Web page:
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Programming

Submission + - The 10 rules of a Zen Programmer->

An anonymous reader writes: Zen is usually used as term to describe "reducing overhead". In the 10 rules of a Zen Programmer the author (who is Zen buddhist) explains how actual Zen philosophy might fit to the modern programming world. The storygives an refreshing new view and some inspiration for day to day work, even when Zen programming is not meant for everybody.
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Linux

Submission + - Apple orphans Linux CUPS features- handicaps open source printing

donadony writes: "CUPS, is the printing standard that open source projects have used successfully to convert desktops and computers to become printer servers, allowing plug-in, modular type of printing. However, now Apple after it acquired it from its developer Michael Sweet, at Easy Software Products, in 2007, has chosen to abandon certain Linux exclusive features, and continuing with popular Mac OS X features.The changeover is being attempted by Appleto set new printing standards that will not require ‘drivers’ in the future. However, the journey in between from the present ‘driver-only’ printers that communities across the world are engaged to Apple’s printer-utopia, just got tougher and essentially involves more work for Linux users."
AMD

Submission + - KDE KWin May Drop Support For AMD Catalyst Drivers->

An anonymous reader writes: The KWin window manager maintainer for KDE is looking at removing the legacy OpenGL 1.0 renderer from the KWin code-base due to the costs of supporting legacy hardware. This means dropping support for non-GL2+ graphics cards, which are all over six years old, but in the process would mean that for now there is no longer any support for the AMD Catalyst driver on the KDE desktop. Due to driver bugs, AMD's proprietary Catalyst software only works well with the GL1 renderer even though their latest hardware supports OpenGL 4.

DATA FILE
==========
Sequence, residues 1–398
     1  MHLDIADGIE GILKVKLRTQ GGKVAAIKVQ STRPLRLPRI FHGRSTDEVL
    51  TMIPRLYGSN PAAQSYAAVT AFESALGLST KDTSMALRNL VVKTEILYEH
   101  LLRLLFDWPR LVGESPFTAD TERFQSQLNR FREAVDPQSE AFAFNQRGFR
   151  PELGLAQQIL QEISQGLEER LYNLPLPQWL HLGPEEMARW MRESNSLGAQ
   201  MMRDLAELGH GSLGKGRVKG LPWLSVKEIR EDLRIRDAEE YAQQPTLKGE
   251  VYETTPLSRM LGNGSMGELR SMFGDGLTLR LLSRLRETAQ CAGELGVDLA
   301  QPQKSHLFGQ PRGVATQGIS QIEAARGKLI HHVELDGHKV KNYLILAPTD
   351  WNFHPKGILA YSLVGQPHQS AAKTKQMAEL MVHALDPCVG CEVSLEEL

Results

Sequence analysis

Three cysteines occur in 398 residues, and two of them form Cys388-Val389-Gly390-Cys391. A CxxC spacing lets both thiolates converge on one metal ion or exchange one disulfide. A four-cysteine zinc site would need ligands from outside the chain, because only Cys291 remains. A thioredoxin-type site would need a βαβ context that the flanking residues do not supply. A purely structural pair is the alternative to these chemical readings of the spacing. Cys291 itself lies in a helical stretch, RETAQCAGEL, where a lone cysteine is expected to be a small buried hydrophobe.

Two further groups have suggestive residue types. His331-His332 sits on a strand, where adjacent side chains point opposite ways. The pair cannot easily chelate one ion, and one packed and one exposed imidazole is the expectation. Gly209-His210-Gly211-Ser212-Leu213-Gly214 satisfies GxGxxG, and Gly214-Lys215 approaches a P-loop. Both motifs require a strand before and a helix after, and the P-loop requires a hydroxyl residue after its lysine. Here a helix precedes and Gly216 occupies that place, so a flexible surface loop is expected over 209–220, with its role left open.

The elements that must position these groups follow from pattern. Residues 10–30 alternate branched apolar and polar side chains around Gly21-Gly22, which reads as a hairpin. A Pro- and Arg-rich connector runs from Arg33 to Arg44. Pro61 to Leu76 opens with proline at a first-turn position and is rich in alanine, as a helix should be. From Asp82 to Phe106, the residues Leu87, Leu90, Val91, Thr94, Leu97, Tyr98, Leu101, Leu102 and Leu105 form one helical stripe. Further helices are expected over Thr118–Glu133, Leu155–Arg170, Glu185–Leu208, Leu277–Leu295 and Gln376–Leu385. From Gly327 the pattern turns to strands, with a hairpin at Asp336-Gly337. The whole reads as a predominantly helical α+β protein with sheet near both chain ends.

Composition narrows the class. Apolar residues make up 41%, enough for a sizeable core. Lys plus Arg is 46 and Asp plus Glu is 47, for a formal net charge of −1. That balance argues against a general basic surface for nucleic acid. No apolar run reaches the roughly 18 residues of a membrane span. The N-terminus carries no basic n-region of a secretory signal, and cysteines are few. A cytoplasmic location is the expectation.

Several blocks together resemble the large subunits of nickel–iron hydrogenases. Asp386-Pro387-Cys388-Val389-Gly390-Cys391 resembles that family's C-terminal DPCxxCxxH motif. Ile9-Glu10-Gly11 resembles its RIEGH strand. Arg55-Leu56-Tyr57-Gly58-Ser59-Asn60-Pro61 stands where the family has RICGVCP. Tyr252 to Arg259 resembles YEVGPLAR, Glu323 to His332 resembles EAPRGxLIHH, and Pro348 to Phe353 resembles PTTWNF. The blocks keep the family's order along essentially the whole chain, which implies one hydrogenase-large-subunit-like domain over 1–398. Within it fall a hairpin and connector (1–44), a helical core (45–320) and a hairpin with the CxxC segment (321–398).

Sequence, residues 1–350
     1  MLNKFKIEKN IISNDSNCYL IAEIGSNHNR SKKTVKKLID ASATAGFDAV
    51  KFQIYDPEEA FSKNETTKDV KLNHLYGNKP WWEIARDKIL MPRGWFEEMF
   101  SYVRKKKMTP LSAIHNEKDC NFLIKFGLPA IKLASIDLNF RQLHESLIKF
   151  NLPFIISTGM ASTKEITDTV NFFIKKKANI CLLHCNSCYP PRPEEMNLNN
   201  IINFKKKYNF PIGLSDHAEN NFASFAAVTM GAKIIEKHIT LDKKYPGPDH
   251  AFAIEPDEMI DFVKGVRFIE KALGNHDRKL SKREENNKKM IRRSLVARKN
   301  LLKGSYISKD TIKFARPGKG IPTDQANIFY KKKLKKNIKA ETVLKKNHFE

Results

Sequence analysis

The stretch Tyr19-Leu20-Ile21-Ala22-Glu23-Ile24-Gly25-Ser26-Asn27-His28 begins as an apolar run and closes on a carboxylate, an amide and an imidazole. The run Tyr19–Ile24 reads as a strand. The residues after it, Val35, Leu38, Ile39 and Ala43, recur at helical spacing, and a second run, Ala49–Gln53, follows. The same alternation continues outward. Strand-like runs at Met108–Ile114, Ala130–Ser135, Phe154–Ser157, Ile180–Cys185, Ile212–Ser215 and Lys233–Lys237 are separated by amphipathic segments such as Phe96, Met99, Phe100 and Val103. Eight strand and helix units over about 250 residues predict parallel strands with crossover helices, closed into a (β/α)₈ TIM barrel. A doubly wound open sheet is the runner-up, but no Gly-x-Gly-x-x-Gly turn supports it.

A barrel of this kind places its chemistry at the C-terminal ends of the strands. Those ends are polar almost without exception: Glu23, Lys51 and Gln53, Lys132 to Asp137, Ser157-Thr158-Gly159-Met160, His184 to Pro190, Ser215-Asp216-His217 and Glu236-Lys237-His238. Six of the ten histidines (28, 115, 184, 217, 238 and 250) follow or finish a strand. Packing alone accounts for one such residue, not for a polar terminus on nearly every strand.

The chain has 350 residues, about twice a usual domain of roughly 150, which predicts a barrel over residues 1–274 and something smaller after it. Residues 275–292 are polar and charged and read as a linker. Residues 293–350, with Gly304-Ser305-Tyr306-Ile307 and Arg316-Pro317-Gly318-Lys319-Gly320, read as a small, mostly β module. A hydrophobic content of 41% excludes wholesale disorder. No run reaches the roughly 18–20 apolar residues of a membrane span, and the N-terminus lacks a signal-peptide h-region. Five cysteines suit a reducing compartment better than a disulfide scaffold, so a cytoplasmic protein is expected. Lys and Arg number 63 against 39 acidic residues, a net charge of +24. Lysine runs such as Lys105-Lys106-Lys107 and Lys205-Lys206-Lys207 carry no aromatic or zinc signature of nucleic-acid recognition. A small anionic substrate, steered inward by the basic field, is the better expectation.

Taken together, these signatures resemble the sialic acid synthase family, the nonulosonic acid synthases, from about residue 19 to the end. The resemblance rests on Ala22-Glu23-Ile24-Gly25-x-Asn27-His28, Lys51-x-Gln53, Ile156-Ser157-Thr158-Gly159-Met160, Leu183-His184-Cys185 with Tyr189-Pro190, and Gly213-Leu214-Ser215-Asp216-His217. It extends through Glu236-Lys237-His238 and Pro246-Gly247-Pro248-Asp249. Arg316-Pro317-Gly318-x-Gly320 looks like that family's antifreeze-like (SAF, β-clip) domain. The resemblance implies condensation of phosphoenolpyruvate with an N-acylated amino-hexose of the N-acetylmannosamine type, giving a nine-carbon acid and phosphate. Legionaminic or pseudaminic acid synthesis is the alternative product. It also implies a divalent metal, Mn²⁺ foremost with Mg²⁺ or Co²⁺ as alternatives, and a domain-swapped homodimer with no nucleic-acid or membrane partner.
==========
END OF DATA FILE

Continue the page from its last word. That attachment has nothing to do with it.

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Idle

Submission + - Mathematical parrot reveals his genius with posthumous paper->

ananyo writes: Even in death, the world’s most accomplished parrot continues to amaze. The final experiments involving Alex – a grey parrot trained to count objects – have just been published. They show that Alex could accurately add together Arabic numerals to a sum of eight and three sets of objects, putting his mathematical abilities on par with (and maybe beyond) those of chimpanzees and other non-human primates (abstract http://www.springerlink.com/content/q08n44457x236ln6/).
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Technology

Submission + - Tongue Drive System allows control of wheelchairs using tongues->

cylonlover writes: For those unfortunate enough to suffer from severe spinal cord injuries, the tongue is often the only extremity still under their control. To take advantage of this fact, engineers at the Georgia Institute of Technology (GIT) have developed what they call the Tongue Drive System (TDS), a wireless, wearable device that allows the user to operate computers and control electric wheelchairs with movements of the tongue. The latest iteration, which resembles a sensor-studded dental retainer, is controlled by a tongue-mounted magnet and promises its users a welcome new level of autonomy with both communication and transportation.
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DRM

Submission + - Copy protection advice for ~$10k software 5

An anonymous reader writes: Hi /., I'm a long time reader and would like some advice.

I'm part owner of a relatively small video editing software company. We're not yet profitable, and our stuff turned up on thePirateBay recently. Some of our potential paying customers are using it without paying, and some non-potential customers are using it without paying. Our copy protection isn't that tough to crack, and I'd rather see the developers working on the product than the DRM (I'm convinced any sufficiently desirable digital widget will get copied without authorization).

Would it be insane to release a 'not for commercial use' copy that does some spying and reporting on you, along with a spy-free version for ~$10,000? I feel like that would reduce the incentive to crack the paid version, and legit businesses (In the US anyway but we're trying to sell everywhere) would generally pay and maybe we could identify some of the people using it to make money without paying us (and then sue the one with the biggest pockets). What would you do? I respect the collective wisdom of ./; thanks for your time!
Youtube

Submission + - Recording Industry stealing from YouTube creators->